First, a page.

She fingered the circular scar on her face as she looked at herself in the mirror. Her eyes glinted defiantly back at her. Smoking is injurious to health, but what is more injurious is when victims turn vengeful. The mark on her face was going to stay, but she had taken care of the person who had marred her face with a cigarette butt. When people played with fire, they were bound to get burned. And he had burnt like a potato chip.
It was yet another mundane conundrum, like the common cold, some thing which made me feel ill and lethargic and fuzzy. I had to wait for the bout of uncertainty to subside, what else could I do? As I looked down at the charred remains of the tea leaves at the bottom of my cup, I felt the familiar sinking feeling within me. Where were all the distractions when you needed them?
There is something tranquil about staring at old derelict buildings while listening to music. I drench myself in the rain of music, soaking in the tunes until my heart beats in rhythm and my soul waltzes in the fading blue sky. I love the view from above but sometimes I wish someone would join me on my mid-air dance.
Another year is about to dawn and I don’t know what I am supposed to feel, hopeful? Optimistic?
I don’t think I can get myself to feel hopeful about the future if everybody is only going to grow old and die. It is rather childish, me wallowing about the inevitable. Growing up means shouldering responsibilities, seeing the world stripped off its glitter and glamour, and plodding on even when others fade and disappear from your life. The necessity of moving on eludes me, the future looms like a frightening storm, I can spot flashes of lightning revealing the purple blackness of the clouds. I sit shivering as I look at the approaching storm, I want to flee, find shelter from the storm, but I realize that there is no escape. I have to brave the storm, let the rain lash me mercilessly. I am not in control, I never was.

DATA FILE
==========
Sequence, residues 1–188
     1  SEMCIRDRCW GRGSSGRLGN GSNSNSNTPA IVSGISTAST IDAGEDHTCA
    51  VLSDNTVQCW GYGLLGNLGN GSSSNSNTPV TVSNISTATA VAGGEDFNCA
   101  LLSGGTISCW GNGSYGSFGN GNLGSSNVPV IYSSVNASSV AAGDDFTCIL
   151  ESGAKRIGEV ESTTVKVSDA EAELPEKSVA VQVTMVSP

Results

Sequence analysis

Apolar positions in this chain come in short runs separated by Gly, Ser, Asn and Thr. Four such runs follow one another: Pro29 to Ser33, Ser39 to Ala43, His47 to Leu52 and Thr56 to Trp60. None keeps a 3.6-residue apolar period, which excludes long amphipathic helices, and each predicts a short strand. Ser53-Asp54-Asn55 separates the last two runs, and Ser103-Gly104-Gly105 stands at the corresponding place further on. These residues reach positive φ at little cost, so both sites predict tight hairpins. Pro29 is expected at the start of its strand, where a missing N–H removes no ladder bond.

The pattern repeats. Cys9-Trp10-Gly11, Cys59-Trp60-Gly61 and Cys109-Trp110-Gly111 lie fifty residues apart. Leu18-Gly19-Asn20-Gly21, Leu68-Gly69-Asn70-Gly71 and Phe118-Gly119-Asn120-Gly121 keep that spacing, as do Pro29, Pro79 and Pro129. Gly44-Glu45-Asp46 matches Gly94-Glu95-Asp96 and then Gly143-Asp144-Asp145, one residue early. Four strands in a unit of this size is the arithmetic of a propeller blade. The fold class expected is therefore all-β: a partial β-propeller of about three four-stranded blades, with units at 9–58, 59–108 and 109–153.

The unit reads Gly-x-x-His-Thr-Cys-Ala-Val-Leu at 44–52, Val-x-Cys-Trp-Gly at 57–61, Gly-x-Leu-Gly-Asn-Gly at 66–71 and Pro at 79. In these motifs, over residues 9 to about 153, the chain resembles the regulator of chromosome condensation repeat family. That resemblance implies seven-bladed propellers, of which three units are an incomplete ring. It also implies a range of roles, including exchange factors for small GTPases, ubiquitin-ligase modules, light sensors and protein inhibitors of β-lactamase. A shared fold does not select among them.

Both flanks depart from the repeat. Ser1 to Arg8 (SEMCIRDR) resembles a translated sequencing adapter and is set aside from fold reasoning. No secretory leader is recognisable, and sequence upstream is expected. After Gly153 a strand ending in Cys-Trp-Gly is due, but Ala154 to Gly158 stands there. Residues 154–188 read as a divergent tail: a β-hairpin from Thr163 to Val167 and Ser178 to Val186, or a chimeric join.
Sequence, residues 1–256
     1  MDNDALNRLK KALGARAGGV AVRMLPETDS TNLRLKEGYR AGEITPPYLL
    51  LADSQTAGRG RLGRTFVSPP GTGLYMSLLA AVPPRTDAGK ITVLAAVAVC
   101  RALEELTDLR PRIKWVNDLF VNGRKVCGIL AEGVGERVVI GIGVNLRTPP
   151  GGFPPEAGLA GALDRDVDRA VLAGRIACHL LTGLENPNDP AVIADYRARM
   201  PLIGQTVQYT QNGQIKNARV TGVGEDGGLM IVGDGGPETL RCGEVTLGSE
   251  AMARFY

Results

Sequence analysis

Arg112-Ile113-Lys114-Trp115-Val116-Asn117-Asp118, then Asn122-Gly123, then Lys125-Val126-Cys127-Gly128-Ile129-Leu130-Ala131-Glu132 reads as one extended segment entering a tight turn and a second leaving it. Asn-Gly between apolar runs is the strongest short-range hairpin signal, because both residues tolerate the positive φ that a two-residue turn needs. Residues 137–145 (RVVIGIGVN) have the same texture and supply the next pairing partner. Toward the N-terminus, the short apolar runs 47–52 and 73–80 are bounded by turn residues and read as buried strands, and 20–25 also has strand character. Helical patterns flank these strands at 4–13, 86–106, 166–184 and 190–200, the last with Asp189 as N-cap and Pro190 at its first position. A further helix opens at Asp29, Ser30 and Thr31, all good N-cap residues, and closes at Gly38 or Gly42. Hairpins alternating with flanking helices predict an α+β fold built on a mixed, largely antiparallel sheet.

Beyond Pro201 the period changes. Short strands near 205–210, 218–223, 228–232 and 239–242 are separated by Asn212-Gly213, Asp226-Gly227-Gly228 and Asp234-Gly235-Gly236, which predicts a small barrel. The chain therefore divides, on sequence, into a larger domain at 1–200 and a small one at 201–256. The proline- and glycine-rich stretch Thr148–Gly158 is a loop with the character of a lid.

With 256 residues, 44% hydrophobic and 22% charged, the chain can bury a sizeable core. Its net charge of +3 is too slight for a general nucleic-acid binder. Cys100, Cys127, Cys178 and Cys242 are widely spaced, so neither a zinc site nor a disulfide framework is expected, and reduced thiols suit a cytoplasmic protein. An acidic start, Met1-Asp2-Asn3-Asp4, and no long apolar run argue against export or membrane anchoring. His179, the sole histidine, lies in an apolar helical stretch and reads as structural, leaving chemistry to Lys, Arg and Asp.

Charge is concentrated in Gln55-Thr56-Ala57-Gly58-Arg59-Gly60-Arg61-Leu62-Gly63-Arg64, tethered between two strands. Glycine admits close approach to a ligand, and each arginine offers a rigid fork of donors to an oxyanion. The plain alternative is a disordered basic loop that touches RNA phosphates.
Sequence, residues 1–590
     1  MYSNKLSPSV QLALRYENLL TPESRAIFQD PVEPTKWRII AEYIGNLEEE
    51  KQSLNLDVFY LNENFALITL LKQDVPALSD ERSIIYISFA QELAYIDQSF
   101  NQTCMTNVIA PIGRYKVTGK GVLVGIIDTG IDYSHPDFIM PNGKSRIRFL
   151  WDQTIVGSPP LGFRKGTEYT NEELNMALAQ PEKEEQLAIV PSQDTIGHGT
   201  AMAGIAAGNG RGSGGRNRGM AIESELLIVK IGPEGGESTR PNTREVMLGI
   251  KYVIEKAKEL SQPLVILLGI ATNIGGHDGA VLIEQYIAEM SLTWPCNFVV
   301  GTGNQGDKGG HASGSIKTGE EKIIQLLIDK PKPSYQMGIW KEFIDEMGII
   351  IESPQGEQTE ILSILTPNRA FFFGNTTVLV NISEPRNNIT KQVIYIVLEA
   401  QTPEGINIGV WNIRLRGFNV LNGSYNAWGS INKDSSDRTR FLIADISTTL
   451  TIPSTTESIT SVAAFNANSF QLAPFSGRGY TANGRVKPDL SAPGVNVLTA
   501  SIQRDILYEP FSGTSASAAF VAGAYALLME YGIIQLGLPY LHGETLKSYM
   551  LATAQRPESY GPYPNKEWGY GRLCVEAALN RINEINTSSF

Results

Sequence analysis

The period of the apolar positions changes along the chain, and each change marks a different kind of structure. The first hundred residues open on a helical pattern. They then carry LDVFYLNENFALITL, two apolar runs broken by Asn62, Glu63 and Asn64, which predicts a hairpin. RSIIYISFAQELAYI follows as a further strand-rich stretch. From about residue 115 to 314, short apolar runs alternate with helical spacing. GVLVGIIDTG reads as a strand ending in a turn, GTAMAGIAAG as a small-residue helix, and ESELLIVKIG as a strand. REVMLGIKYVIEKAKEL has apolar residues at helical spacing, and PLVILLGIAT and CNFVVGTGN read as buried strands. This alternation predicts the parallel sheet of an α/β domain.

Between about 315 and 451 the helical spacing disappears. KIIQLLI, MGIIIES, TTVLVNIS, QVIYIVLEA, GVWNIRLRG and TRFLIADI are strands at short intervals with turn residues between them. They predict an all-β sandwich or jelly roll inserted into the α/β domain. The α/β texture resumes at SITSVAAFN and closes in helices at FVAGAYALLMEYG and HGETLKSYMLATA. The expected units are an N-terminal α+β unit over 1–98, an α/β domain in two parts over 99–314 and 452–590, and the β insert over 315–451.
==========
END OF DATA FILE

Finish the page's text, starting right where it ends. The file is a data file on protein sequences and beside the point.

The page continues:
It was noon and a steady stream of college girls hurried to the bus stop through the slippery, water-filled potholed road. It was the second spell of summer rains and underneath her faded red umbrella thronged a crowd of girls. She giggled at their muttered excuses glad to have their company.
The next day was an uninterrupted day of summer and light breeze and she looked around hopefully for company, for one of the girls she had offered shelter to exchange niceties, but nobody stopped underneath her red umbrella. She let her eyes wander and they paused on a hole filled with dirty water at the side of the road, a thin green branch floated on it, its scattered tiny yellow and green leaves forming a floating halo around it, the lone branch looked beautiful despite being torn away from its tree, from the crowd of sister-branches.
She realized that she had to learn to understand the delights of involuntary solitude.
So we rode the wave of change, going farther away from each other with every crash. Long,winding messages were replaced by season’s greetings, deceptive emojis, and long pauses. I knew, she knew, where we were headed, but still we didn’t change course. We just let the wind decide, the wind that caressed our cheeks and played with our hair. It was easy that way. Better.
The splash of dark blue ink on the wall attracted every eye that entered the one-room house, so he covered it with a layer of paint–it was always about appearances, about appearing to be tidy and spotless.